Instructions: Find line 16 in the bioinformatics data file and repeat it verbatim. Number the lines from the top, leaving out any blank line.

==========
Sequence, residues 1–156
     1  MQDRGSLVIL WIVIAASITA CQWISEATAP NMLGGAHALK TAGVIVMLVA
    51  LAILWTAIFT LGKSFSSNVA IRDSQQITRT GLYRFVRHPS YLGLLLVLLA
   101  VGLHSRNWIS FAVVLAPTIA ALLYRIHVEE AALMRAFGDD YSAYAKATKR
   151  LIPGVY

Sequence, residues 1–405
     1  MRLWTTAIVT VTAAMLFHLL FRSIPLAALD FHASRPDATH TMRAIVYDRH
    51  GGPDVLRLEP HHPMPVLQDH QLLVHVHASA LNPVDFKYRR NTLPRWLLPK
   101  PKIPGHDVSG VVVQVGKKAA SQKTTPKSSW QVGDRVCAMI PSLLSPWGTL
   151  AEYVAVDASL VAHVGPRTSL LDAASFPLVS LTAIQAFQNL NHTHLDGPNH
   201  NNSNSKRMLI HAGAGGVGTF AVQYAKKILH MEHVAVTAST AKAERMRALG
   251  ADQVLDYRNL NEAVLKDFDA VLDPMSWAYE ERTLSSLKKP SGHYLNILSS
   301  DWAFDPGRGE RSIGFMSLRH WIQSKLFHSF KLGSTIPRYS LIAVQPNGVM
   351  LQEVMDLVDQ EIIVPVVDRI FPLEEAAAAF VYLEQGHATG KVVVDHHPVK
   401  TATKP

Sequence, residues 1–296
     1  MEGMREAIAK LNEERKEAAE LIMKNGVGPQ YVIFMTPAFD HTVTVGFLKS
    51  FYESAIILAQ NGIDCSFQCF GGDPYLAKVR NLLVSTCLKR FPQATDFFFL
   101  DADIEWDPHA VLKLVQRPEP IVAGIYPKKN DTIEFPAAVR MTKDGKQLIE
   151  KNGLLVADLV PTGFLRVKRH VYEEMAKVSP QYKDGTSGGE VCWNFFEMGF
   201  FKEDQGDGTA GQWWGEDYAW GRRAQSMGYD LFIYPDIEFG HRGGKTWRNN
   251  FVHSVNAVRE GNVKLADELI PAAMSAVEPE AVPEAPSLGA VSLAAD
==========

Sequence, residues 1–296